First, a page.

I've Worked with Refugees for Decades. Europe's Afghan Crime Wave Is Mind-Boggling.
Western legal systems are meticulous and procedural, operate on the basis of rules and rights and forms and documents, and consider you innocent until proven guilty. It didn’t take the refugees long to figure out how to leverage this to their advantage. “They’ll stand right there, balding, grey at the temples, and insist that they’re eighteen,” an exasperated Austrian prosecutor told me. Having “lost” their documents, the only way to refute even the most patently absurd such claim is through expensive lab tests. If you have no documents and no shame, you can assert just about anything and then lean back and wait for the system to try and prove otherwise. If you are rejected, no problem: you can launch multiple appeals. Once you have set foot in Europe, it will be almost impossible to get rid of you; indeed, you can literally commit murder. If a court finds you guilty of rape, you need only argue that if you are sent home, your conservative society will kill you for the dishonorable act—then you can’t be shipped out, because EU law forbids extradition if doing so puts the individual’s life at risk. And murderers cannot be sent back to countries that have the death penalty or a judicial system known to be harsh.
But we are still left with a mystery. Welfare fraud is one thing: it makes a certain kind of sense, if you have no regard for rule of law or fairness and you are lazy. But why is this current cohort of Afghans making its mark as sexual predators . . . and inept, stupid ones at that? In search of an answer, perhaps we should take a closer look at the victims. We have eliminated improper attire and an unwittingly seductive manner, but might they have any other traits in common to shed light on why they became the targets of such madness? Reviewing them, one word comes to mind: fulfillment. A Turkish exchange student, happy to be advancing her education in industrial design at a good university in Vienna. A girl in a park, enjoying the sunshine. Two friends, taking their babies for a walk. A mother, enjoying a summer stroll with her two children. A contented old lady, out with her pet. Attractive, accomplished, happy, normal people . . . an unbearable sight, perhaps, to—and here I must agree with President Trump—losers. That is what he proposed we should call terrorists, and he is right. These young men, even minus a suicide vest, are losers, which has inspired them to become social terrorists.
The young Afghan attackers are saying, yes, that they have no impulse control, that their hormones are raging, and that they hate themselves and the world—but most especially, that they will not tolerate women who are happy, confident and feeling safe in public spaces. They are saying that they have no intention of respecting law, custom, public opinion, local values or common decency, all of which they hate so much that they are ready to put their own lives, their constructive futures and their freedom on the line for the satisfaction of inflicting damage.
Established middle-class diaspora Afghans are understandably upset and embarrassed to see their nationality thus disgraced by these uncouth newcomers. And yet they are part of the problem. Many of their actions and reactions, however natural or unintended, amount to complicity. They cover up, make excuses for, advise on best ways to wriggle out of consequences, and even directly abet the deceptions, illegal acts and disgraceful manners of friends, relatives and random unknown fellow Afghans.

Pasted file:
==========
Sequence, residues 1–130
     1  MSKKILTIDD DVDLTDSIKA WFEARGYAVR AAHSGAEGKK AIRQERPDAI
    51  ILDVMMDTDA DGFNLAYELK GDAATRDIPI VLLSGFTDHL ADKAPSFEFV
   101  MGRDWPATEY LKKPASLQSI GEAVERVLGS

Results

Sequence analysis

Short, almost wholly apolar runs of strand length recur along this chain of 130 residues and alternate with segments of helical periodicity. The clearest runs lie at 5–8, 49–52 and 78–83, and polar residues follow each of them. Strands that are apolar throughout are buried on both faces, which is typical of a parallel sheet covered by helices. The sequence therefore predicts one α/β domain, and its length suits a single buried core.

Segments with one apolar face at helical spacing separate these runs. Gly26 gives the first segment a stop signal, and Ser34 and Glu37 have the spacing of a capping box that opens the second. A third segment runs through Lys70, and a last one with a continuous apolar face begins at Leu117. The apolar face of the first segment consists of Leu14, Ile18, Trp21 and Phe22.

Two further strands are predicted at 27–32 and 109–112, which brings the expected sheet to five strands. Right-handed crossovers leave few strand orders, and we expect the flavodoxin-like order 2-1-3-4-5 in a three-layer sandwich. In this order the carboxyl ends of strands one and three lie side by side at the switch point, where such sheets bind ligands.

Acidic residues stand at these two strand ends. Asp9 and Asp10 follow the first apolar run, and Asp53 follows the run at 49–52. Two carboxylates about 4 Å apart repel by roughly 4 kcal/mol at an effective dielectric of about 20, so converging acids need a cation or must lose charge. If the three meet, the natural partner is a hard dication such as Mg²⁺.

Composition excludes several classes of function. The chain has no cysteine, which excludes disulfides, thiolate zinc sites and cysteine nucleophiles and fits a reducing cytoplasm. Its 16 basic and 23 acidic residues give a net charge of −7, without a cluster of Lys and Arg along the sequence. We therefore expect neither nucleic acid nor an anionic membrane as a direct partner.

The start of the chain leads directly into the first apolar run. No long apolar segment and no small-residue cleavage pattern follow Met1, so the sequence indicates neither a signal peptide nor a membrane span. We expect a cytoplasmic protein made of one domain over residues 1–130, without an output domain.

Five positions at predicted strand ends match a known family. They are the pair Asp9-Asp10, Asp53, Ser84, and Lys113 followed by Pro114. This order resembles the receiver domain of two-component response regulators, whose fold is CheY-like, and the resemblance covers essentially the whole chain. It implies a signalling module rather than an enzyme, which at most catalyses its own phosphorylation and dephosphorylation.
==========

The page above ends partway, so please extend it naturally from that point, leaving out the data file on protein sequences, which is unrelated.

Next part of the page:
The reasons for this are many-layered. There is the perceived obligation to be loyal to friends and relatives and countrymen. I think there is also a certain lack of true identification with Western notions of bureaucratic and biographic fact; many, if not most, Afghans currently living in the West have some lies of necessity in their past. Whichever of them arrived first—a father, an older brother—generally had to make up a supposed family name and a birthdate on the fly, because back home, until one generation ago most people did not have a last name and birth dates were not recorded. I know respectable, law-abiding Afghan families where everyone’s birthdays are implausibly sequential—June 1, June 2, June 3 and so forth, because the family member who filled out the immigration paperwork had to make up birth dates and thought it would be easier to remember them this way.
It is also possible that this diaspora community, given the weakness of state institutions in their country of origin, the arbitrariness of its corruption-riddled administrations for centuries, and a certain lack of rootedness that comes from being dropped into someone else’s culture and way of doing things, is fine with a bit of finagling of welfare benefits. They don’t, of course, endorse rape, but here embarrassment kicks in and inspires them to make excuses. “They’re young.” “They’re confused.” “They grew up in Iran, where one learns bad behavior.” Others just disavow them altogether and want nothing to do with them. That’s regrettable, because Afghans who have already made respected lives for themselves abroad are in the best position to discipline and teach the delinquent newcomers, to know what combination of sanctions, pressures and encouragement will be effective.